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I am a bit new to profiling applications for improving performance. I have selected YourKit as my profiler. There is no doubt that YourKit provides very interesting statistics. Where I am getting stuck is what to do with these statistics.

For instance, Consider a method that operates on a JAXB POJO. The method iterates through the POJO to access a tag/element that is deeply nested inside the XML. This requires 4 layers of for loops to get to the element/tag as shown below :

   List<Bundle> bundles = null;
   List<Item> items = null;
   for(Info info : data) { 
      bundles = info.getBundles();
      for(Bundle bundle : bundles) {
         items = bundle.getItems();
         //.. more loops like this till we get to the required element
       }          
    }

YourKit tells me that the above code is a 'hot-spot' and 80 objects are getting garbage collected for each call to the method containing this code. The above code is just an example and not the only part where I am getting stuck. Most of the times I have no clue about what to do with the information given by the profiler. What can I possibly do to reduce the number of temporary objects in the above code? Are there any well defined principles for imporoving the performance of an application? What statistics to look for when profiling an application and what implications does each kind of statistics have?

Edit : The main objective for profiling the application is to increase the throughput and response time. The current throughput is only 10 percent of the required throughput!

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That depends on what your performance goals are (response time? throughput? cpu use? memory use?) –  meriton Sep 13 '12 at 11:05
    
I am mainly interested in throughput and response time. We have ample memory available and a very powerful processor! –  Chetan Kinger Sep 13 '12 at 11:06

3 Answers 3

up vote 1 down vote accepted

Focus on the statistics relevant to your performance goal. You are interested in minimal response time, so look at how much each method contributes to response time, and focus on those that contribute much (for single threaded processing, that's simply elapsed time during method call, summed over all invocation of that method). I am not sure what YourKit defines as hot spots (check the docs), but it's probably the methods with highest cummulative elapsed time, so hot spots are a good thing to look at. In constrast, object allocation has no direct impact on response time, and is irrelavant in your case (unless you have identified that the garbage collector contributes a significant proportion of cpu time, which it usually doesn't).

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I absolutely agree with the given answers.

I would like to add that considering your concrete example, you actually can make an improvement by using xpath api to access the specific location in the XML.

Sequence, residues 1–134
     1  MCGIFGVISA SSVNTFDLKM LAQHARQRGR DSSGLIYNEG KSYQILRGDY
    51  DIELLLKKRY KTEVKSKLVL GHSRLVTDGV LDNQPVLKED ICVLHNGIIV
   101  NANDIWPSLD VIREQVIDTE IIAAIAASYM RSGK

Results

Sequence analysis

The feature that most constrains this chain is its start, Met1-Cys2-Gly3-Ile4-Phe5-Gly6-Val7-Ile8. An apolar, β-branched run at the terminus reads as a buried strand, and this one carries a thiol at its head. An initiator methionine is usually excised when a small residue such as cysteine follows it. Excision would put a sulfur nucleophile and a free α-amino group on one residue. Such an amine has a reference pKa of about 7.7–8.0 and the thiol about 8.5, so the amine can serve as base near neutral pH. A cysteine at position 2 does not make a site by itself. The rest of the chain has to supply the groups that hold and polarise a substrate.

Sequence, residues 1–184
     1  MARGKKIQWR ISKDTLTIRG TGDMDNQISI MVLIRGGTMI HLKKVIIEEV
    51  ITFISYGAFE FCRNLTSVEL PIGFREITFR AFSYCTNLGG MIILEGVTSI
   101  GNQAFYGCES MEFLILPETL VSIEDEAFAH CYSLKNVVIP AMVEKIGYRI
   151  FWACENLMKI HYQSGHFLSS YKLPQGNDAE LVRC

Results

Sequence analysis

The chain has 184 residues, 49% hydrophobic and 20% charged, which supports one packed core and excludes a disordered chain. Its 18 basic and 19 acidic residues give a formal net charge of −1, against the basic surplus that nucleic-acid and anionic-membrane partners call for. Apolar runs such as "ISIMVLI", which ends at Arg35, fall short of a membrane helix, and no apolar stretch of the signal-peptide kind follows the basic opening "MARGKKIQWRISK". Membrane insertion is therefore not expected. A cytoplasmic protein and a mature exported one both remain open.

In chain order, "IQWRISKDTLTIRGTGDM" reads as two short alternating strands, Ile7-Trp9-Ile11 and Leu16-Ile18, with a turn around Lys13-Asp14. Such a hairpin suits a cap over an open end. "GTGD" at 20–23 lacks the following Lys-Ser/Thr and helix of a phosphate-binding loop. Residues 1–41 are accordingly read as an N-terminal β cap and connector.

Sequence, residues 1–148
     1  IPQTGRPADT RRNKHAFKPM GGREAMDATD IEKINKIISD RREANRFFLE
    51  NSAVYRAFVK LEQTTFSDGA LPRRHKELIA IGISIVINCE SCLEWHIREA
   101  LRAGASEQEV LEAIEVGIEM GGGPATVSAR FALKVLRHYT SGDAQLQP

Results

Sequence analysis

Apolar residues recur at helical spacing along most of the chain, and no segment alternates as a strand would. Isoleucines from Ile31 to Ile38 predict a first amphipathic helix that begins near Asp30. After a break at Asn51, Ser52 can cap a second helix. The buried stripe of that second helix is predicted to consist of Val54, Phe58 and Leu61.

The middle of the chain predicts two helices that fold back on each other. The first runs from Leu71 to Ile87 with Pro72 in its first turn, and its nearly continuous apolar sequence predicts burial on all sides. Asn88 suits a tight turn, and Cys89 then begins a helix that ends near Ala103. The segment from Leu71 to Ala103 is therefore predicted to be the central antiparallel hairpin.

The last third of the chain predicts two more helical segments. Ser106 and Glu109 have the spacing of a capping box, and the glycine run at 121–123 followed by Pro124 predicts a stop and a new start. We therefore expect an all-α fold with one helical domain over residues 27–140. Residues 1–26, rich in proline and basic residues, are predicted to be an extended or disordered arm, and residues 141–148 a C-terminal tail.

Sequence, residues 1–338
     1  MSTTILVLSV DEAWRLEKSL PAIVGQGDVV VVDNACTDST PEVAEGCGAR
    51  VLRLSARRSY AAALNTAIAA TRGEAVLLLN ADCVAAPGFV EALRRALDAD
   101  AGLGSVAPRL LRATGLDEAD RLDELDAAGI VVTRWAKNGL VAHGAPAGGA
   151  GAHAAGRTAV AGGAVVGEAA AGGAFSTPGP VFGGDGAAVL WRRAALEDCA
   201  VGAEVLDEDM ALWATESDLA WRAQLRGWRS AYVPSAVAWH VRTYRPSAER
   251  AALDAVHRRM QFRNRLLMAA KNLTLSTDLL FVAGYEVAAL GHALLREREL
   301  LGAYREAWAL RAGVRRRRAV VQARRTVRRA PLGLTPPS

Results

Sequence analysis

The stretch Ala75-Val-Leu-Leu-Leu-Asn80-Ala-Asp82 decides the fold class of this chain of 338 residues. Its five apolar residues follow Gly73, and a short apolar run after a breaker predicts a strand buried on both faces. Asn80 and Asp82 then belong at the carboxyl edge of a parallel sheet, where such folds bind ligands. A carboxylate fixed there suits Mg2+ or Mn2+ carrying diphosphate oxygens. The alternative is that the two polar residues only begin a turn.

In situations where you don't need to actually iterate the entire DOM, this should be your first choice since it is declarative and hence more expressive and less error prone.

It would often give you superior performance as well (For very complex queries it may not be the case, but you seem to have a simple scenario).

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We don't directly access the XML. JAXB unmarshals the XML received by our Apache CXF Web services into POJOs. We receive the POJO as a parameter to our web-service endpoints. In short, can xpath be plugged into JAXB such that the generated POJOs contain methods to use XPATH? –  Chetan Kinger Sep 13 '12 at 19:18
    
Also note that traversing through the entire DOM is necessary in many cases where the attributes of each tag traversed are required by the application before picking up the information from the leaf tag –  Chetan Kinger Sep 13 '12 at 19:28
    
I am not aware of a technique that would allow you to plug xPath into JAXB. In fact, it would contradict the very purpose of the technology. I am sorry, but I overlooked the fact that you are dealing with a JAXB pojo and do not have direct access to the Xml. However, as others have stated, the creation and collection of 80 objects is nothing to the JVM. As to your general question, it may be that you are looking at the wrong place. How did you conclude that this particular piece of code is the one taking the most amount of time? –  Vitaliy Sep 13 '12 at 19:47
    
YourKit has something called a Hot Spot which gives you the methods that had a large number of temporary objects created and garbage collected. This particular method showed up in the hot spots. YourKit also gives hot spots for CPU profiling. The same method showed up in the CPU profiling hot spots as well. Although it executed for only 20 ms! –  Chetan Kinger Sep 14 '12 at 5:31

A way to improve the loop would be to change your schema and essentially flatten the model, of course this depends on whether you can change the schema. This way the generated Java will not require 4 layers of looping. Of course at the end of the day you need to ask yourself is the code really a problem - 80 objects are getting GCed so? Is your application running slow? Are you experiencing memory issues? Remember premature optimization is the root of all evil!

Profiling and optimization is a complex beast and depends on may things (Java version, 32 vs 64 bit os, etc...). Furthermore the optimization might not always require code changes, for example you could resolve problems by changing your GC policy on the JVM - for example there are GC policies that are more effective in situations where your code is creating many small objects that need to be GCed frequently. If you had specifics maybe it would be easier to help you however your question seems too broad. In fact there are many books written on topic which might be worth a read.

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